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January 13, 2009

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Jonathan Edwards

Business Resources
Wood study stirs call for innovation

Coos County leaders look for creative uses of low-grade wood

By Elizabeth Penney

Friday, January 16, 2009



The Coos County Action Plan process brought together 100 county leaders to discuss the wood industry, energy, tourism, the creative economy and health care.

The action plan and the wood availability report are available online at www.nccouncil.org.

The Forest Service Forest Products Lab can be found at www.fpl.fs.fed.us.

The University of Maine Forest Bioproducts Research Initiative at www.forestbioproducts.umaine.edu.

The timber availability study was funded by a Sudden and Severe Impact Grant from the Economic Development Administration.


A recent study of timber supply in Coos County has come up with a surprising conclusion: There may not be enough wood available in the region.

The study, prepared by Landvest as a project of the Coos County Economic Action Plan, focuses on the availability of low-grade wood in a 75-mile radius of Berlin.

The study stems from concern about future logging activity in the Northern Forest, which was spurred by the closure of Wausau Paper, Groveton Paperboard and the Nexfor Fraser pulp mill, all heavy consumers of low-grade pulp wood. Nexfor Fraser alone accounted for 1 million tons annually.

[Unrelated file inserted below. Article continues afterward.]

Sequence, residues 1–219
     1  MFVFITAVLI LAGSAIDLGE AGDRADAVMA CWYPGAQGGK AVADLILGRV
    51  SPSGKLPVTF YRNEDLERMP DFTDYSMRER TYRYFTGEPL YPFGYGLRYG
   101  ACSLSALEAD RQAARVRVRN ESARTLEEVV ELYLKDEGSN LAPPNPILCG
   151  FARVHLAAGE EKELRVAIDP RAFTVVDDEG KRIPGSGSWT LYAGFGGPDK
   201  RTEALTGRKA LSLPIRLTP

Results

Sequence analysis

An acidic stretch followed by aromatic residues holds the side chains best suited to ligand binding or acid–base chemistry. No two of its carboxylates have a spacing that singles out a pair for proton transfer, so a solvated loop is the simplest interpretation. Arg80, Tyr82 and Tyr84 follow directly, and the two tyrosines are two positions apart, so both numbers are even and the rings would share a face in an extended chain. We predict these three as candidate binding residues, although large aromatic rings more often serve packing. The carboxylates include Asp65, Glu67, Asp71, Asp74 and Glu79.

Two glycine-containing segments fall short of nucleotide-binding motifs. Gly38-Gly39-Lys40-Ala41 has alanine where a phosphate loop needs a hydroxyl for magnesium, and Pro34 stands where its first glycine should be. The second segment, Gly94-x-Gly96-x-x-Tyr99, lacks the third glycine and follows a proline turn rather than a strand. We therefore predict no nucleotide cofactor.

“We’re trying to replace our pulp and paper industry,” said Peter Riviere, project facilitator and executive director of Coos County Economic Council. “We needed to be informed by accurate data.”

A 50-year model incorporating present stock, growth rate, species, terrain constraints and land use and ownership estimated a baseline annual harvest of 4.6 million tons. That breaks down into 3.6 million tons of low-grade logs, tops and branches, and about 1.7 million tons of high-grade logs used for lumber, furniture and veneer.

Existing users — pulp mills and biomass power plants — absorb almost 2.9 million tons annually already, leaving an estimated 640,000 tons available. Proposed users, including a Berlin pellet mill not included in the report, could require 1.5 million tons. Therein lies the problem. Pulling wood from outside the 75-mile radius could prove too expensive and make projects economically unfeasible.